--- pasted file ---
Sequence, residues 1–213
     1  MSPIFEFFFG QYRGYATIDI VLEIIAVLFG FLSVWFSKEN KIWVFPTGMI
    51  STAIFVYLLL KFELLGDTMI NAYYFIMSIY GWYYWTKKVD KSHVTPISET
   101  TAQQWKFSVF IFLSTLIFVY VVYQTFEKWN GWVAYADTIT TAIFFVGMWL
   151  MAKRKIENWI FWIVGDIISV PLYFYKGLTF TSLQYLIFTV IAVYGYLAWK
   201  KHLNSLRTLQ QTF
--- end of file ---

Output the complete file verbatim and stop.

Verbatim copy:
Sequence, residues 1–213
     1  MSPIFEFFFG QYRGYATIDI VLEIIAVLFG FLSVWFSKEN KIWVFPTGMI
    51  STAIFVYLLL KFELLGDTMI NAYYFIMSIY GWYYWTKKVD KSHVTPISET
   101  TAQQWKFSVF IFLSTLIFVY VVYQTFEKWN GWVAYADTIT TAIFFVGMWL
   151  MAKRKIENWI FWIVGDIISV PLYFYKGLTF TSLQYLIFTV IAVYGYLAWK
   201  KHLNSLRTLQ QTF